Knowledge trumps racism. Before you dismiss racism as an antiquated idea or an overreaction of paranoid people, listen. Listen to their stories. Listen to their experience. The CEO of Starbucks, Howard Schultz is doing just that. He’s starting a dialogue with his employees about the issue of race, because clearly he realizes the only way we as a country can get past this issue is to talk about it. He said “while it’s always safer to stand by the sidelines, that’s not leadership”.
I’ve seen those media outlets who cover these issues and discuss them at length called “race baiters”. Again, newsflash. You can’t “bait” what’s already there! Let’s address it together…or we shall perish, divided.
Over the weekend, two police officers from the New York Police Department, Officers Rafael Ramos and Wenjian Liu, were gunned down in their police cars at close range and lost their lives. The lone gunman had posted pictures on social media before and after the murder, and had made statements that this was in retribution for the recent police involved deaths of Eric Garner and Michael Brown.
The backlash has been instant and fierce. Social media has been on fire, as well as mainstream media. The “us versus them” mentality has gone into full effect. I have seen statements from both sides that have been completely horrific. I have seen statements from police officers which basically amount to “it’s all out war on African-Americans” (and not put so politically correctly); I have also seen statement from African-Americans basically saying that those police officers deserve to die, or that somehow, their lives are less valuable as a result of the actions of the police officers that were involved in the recent high profile deaths of African-Americans.
Here is the danger in this thinking. We have now gotten to a point where we are in a standoff in our thought process. And from that standpoint, there can be no winners. There is no middle ground. The onlyway we can have progress is to find a middle ground.
At the end of the day, what do we really want? All of us, as a nation?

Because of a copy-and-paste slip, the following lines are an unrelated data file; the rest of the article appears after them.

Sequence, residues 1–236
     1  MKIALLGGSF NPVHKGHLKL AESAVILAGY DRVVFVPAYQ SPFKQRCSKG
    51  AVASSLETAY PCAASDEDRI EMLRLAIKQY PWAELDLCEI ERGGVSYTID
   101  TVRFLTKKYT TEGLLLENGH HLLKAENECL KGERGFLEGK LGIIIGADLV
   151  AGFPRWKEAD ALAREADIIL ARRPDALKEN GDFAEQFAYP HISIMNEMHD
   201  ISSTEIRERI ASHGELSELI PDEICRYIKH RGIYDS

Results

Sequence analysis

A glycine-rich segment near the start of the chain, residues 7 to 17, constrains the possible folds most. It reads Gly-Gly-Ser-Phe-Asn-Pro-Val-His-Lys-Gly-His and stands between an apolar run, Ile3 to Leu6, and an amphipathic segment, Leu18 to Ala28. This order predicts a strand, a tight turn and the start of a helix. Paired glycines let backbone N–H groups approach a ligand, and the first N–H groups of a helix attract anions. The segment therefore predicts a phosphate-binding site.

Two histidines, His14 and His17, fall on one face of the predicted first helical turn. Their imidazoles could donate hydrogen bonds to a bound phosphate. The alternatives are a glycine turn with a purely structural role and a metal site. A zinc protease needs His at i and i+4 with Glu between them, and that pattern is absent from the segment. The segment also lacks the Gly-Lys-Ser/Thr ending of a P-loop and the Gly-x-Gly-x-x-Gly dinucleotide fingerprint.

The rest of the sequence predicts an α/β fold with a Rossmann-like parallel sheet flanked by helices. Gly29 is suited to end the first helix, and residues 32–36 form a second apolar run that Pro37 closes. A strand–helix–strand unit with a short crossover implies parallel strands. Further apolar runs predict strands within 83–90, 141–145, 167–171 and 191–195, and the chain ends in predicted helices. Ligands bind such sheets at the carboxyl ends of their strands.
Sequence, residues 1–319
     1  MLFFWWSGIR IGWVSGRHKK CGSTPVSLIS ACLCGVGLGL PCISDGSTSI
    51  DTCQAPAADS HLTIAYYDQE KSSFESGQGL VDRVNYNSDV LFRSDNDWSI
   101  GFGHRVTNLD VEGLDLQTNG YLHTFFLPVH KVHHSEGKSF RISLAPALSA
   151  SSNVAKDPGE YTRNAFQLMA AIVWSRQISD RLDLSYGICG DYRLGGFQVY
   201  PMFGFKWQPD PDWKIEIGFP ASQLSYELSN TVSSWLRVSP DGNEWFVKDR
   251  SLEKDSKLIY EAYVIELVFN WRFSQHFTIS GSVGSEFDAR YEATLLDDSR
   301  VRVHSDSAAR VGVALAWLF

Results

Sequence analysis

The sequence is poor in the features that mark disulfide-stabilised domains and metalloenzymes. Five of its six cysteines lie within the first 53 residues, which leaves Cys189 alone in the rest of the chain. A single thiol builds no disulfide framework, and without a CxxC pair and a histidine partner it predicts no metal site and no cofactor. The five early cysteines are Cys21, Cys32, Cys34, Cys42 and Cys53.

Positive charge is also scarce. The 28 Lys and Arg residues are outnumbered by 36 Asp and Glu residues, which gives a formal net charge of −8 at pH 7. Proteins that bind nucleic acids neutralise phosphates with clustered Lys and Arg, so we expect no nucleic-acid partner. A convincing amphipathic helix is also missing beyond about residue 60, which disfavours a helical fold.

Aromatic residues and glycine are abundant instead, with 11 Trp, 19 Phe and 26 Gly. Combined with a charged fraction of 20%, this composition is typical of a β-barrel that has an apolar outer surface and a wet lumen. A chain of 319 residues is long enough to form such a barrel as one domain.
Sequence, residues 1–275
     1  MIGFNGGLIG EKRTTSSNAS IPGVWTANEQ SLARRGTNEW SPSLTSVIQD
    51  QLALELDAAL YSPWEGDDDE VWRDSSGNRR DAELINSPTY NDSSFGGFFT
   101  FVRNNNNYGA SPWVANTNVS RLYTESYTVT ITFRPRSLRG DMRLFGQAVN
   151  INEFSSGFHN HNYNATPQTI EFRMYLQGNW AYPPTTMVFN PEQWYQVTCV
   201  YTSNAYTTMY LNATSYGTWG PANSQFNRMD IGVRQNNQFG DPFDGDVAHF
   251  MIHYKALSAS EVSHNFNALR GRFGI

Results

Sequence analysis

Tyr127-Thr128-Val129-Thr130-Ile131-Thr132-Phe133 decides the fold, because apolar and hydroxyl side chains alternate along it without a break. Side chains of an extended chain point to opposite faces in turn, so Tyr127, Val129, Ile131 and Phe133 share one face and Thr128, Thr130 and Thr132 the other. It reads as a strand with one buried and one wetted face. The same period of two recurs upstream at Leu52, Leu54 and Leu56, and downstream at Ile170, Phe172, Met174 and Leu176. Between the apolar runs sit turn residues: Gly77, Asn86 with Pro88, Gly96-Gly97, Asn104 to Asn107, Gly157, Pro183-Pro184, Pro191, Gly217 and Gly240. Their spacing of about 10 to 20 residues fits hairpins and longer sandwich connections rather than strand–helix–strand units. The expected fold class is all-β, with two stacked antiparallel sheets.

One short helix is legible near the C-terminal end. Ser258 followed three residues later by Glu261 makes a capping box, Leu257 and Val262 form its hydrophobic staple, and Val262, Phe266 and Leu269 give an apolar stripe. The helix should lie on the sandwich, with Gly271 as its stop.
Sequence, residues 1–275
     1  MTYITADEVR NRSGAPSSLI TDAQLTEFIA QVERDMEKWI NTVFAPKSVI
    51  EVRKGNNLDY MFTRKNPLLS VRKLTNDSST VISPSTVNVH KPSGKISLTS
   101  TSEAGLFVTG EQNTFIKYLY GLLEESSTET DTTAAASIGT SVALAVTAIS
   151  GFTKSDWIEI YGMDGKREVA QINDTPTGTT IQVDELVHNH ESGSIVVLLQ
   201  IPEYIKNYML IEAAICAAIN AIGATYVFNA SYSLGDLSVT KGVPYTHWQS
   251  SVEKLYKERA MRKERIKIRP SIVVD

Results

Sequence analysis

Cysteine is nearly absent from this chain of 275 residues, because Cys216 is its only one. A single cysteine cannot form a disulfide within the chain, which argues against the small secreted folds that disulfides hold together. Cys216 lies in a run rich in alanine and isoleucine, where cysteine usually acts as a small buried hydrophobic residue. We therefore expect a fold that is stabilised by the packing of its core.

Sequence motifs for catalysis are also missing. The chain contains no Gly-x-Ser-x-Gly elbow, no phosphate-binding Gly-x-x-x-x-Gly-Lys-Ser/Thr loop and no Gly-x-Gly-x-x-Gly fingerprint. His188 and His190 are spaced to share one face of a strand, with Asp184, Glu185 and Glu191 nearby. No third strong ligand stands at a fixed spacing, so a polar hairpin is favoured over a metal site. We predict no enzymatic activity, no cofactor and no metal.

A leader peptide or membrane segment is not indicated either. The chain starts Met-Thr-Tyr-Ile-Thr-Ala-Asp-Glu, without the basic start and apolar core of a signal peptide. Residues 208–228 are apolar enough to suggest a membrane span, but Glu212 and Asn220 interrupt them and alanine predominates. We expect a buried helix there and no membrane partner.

We want police working with the community; we want an end to senseless deaths in all forms; we want peace in our streets.
We want life to go back to normal where everyone can go to work and go about our business without looking over our shoulders, whether you are a police officer or a civilian.
By getting so entrenched in our positions and making statements that are so offensive to either side, we can never reach a point of compromise.
Because here’s the reality — unless we are willing to quit our jobs and do the job ourselves, we need the police to keep us safe. And if we cast the police out, the police department ceases to exist. So, we need each other, and MUST find a way to work together.
Let’s address violence as a solution.
Looking back in American history, violence has not been the route to success. During the civil rights movement, there was a debate as to whether or not African-Americans should follow the early, more militant path of Malcolm X , noted for his quote of “by any means necessary”, or follow the nonviolent path of Dr. Martin Luther King Jr. The path of Malcolm X seemed to be more energetic, and the quickest way to get results. Dr. Martin Luther King’s path was painful. There were more deaths and was a slower path to success.
However history told the final story. And in the end, it was Dr. Martin Luther King’s way that proved most effective. Malcolm X eventually converted to Dr. King’s way of thinking. I recently watched a special on PBS entitled “Many Rivers to Cross“. It was a very poignant series which covered the many decades of African-Americans in the United States. It discussed the history of the civil rights movement.
It also talked about Bloody Sunday.
When Dr. Martin Luther King led the march in Selma, Alabama on March 7, 1965, he and the other marchers were confronted by police officers who brutally attacked them while they were protesting peacefully. The media documented this atrocity. As a result, the civil rights movement received many more supporters of all races, including leaders from the Jewish faith, from the Catholic faith (there were nuns in full habits marching with the civil rights movement!) and the movement towards voting rights gained more momentum. Alabama was exposed as a hotbed of intolerance. This incident was one of the catalysts of the passage of the Voting Rights Act of 1965.
Selma is an example of how the nonviolent path is so effective. If the marchers had been violent, they would not have gotten the support from such a wide base, and the resulting laws would not have been enacted.